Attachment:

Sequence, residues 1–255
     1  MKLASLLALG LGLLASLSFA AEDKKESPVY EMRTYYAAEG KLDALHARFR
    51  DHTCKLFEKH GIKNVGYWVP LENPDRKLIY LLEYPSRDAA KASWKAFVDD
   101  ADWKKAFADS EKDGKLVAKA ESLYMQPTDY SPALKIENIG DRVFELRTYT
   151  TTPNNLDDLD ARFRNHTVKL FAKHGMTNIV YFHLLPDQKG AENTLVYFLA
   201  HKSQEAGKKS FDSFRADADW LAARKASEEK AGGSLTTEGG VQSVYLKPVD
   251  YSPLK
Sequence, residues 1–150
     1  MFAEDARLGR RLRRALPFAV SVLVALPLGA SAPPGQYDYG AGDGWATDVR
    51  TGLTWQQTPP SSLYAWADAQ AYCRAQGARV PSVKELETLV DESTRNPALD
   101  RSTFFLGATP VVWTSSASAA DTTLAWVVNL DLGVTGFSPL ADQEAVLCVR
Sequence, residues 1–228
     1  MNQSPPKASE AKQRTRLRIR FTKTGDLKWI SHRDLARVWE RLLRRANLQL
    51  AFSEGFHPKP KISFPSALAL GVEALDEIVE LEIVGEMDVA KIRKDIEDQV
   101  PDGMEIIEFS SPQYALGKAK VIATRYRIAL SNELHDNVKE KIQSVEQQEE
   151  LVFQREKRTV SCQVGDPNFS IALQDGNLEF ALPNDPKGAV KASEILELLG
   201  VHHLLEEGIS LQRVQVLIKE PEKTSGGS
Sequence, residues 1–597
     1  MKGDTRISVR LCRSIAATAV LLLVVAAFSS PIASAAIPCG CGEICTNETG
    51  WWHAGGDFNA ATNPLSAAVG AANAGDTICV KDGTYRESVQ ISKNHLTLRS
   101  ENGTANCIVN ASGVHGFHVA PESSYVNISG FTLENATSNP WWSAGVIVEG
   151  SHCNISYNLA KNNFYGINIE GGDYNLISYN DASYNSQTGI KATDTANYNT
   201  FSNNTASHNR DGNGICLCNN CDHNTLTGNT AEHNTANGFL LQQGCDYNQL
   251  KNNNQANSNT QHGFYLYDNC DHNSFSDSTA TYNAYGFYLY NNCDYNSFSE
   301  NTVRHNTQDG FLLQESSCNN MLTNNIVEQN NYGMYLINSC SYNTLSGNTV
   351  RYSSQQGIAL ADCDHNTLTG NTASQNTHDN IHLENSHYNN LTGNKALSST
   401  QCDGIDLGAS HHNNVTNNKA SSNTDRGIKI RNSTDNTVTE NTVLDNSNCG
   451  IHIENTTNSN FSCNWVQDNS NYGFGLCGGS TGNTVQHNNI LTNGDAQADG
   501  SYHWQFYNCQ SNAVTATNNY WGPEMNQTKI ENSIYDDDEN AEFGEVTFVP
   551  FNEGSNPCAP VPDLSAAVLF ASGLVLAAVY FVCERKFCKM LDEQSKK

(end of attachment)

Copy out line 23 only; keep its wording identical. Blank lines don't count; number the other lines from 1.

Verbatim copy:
   201  FSNNTASHNR DGNGICLCNN CDHNTLTGNT AEHNTANGFL LQQGCDYNQL